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India: Land of Contrasts

From the trash heap – trash or treasure?
Frank Linton 6
Frank Linton
India 1967-1969
Brass teapot from India

The body, base, handle, and spout of this pitcher were cast separately in brass and then assembled. From an engineering perspective, I am impressed by the quality of the castings and the craftsmanship in joining the components. From a design perspective, the pitcher is a mish-mash of elements. The body of the pitcher with its lush female curvature has shapes hinting of leaves and moisture. It rests on a purely functional base. The spout is a straight hexagonal shaft, then the handle, again curved, has whimsical animal heads on both ends. India’s “land of contrasts” is embodied in this pitcher.

I acquired this brass pitcher as a memento of a famine relief project in Bihar, India. It was in the scrap pile of a shop selling brass cooking pots and other brass items. I have no idea of its age or its worth, though I once saw the identical item on display in the window of a museum in Toronto. 

In the summer of 1967, I was temporarily reassigned from my Peace Corps assignment, training irrigation well maintenance workers, in the Punjab to work on a joint well-drilling project with UNICEF, CARE, and Catholic Relief Services. We drilled wells in villages in the Bihar countryside that were experiencing a severe two-year drought.  

In these villages, everyone was a farmer – living off the land – and the land was enduring its second year without rain. The area was poor. Roads were just unimproved lanes between the dried-up fields. There was no electricity, no communications infrastructure, and not even battery-powered radios. With no rain, there were no crops, and the ground was dry and cracked. There was nothing for people to do, and nothing for them to eat – except emergency food rations. I saw the effects of malnutrition in the listless children with swollen bellies and the thin bony legs of the emaciated adults. The one pair of bullocks (oxen) I saw was so weak that they could hardly walk, much less pull a cart carrying pipe for the water wells.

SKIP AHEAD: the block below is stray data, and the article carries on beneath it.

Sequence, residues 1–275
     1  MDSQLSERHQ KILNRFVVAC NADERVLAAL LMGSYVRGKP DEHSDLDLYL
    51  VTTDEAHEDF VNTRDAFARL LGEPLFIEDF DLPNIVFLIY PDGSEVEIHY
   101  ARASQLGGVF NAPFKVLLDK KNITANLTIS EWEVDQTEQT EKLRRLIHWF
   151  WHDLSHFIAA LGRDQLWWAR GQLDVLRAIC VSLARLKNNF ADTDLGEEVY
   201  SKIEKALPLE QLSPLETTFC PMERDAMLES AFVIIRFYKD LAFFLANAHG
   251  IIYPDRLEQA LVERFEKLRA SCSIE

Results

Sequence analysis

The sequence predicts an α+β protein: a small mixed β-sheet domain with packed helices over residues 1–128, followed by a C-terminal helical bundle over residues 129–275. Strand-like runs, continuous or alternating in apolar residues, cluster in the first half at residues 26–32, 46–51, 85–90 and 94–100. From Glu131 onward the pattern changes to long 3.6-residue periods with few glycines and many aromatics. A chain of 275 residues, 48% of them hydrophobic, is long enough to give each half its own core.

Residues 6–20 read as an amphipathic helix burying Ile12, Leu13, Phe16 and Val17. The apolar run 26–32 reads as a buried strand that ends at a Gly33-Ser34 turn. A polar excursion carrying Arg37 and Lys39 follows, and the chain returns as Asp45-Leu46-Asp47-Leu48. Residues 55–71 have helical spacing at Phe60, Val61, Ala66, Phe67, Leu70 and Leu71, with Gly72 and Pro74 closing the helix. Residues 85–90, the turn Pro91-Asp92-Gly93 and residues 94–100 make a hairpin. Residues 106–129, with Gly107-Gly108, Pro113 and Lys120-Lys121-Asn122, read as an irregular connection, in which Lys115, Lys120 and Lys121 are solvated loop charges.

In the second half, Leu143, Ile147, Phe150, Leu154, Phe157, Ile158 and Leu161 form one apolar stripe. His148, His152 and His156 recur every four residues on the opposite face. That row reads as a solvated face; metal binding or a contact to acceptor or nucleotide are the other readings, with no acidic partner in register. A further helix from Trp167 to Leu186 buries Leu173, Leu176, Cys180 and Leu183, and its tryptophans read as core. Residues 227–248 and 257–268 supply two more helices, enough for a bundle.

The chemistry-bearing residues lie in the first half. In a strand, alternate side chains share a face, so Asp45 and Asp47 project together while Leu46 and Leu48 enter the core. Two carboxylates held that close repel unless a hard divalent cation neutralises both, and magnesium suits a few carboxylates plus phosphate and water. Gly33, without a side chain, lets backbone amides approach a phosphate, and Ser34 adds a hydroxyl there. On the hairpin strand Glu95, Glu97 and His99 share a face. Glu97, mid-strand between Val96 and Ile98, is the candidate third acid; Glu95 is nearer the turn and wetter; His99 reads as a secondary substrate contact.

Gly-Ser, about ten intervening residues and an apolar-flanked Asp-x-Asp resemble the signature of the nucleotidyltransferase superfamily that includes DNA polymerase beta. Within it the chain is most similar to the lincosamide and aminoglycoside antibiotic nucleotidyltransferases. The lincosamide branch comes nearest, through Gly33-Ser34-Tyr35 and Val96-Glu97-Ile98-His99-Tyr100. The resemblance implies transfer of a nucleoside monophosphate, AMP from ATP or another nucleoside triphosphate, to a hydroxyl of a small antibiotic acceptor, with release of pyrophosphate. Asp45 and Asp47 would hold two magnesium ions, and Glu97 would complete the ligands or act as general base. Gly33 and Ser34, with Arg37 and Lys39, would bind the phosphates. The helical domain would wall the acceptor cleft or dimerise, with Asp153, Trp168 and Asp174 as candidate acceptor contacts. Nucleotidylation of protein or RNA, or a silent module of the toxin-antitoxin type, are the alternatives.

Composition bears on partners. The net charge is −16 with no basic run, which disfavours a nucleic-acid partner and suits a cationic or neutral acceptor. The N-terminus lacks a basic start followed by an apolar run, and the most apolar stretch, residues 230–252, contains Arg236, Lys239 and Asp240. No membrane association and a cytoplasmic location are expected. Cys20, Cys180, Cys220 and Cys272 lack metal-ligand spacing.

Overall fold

Because of the drought, the villages’ open, hand-dug wells were drying up. Our technique for digging a well a few inches in diameter, using pipe that then became part of the pump, enabled us to dig deep wells quickly, reaching down to water below the level of existing wells.

I learned a lot about the culture while drilling these wells. We were asked to put hand pumps in schoolyards as they were public spaces. People asked for two pumps so that the lower castes, who were not allowed to access water from the same wells as the rest of the community, could have a well too. At one school, we stood around waiting to go into the schoolyard. I couldn’t tell what we were waiting for. So, eventually I went into the yard myself to look at the spot we had been discussing. Suddenly I noticed the schoolmaster’s wife defecating in the corner of the yard. Why there? The villagers defecated in their fields, the schoolmaster’s family were outsiders and had no fields of their own. It was their only choice. Why did I not see her? Clothing washed repeatedly in muddy water becomes the color of the dirt. She blended right in. It was obvious to everyone but me. 

The quality of the pumps we were installing was so poor that I could see they were going to fail soon after the project was completed. One of the emotionally hardest things I did in Bihar was to return to a village where we had drilled down more than 100 feet by hand for water, with no results. I did not want to go back to that place. But, as I rode my UNICEF-donated motorbike into the village, I saw, with a shock of relief, a woman walking away from the well with a bucket of water on her head.

The pitcher reminds me of the desperate straits of these villagers, and what I thought were my fruitless efforts to provide them with water. According to Wikipedia, it was due to the relief efforts of many organizations that so few people perished during “the worst drought in living memory.”

Brass teapot from India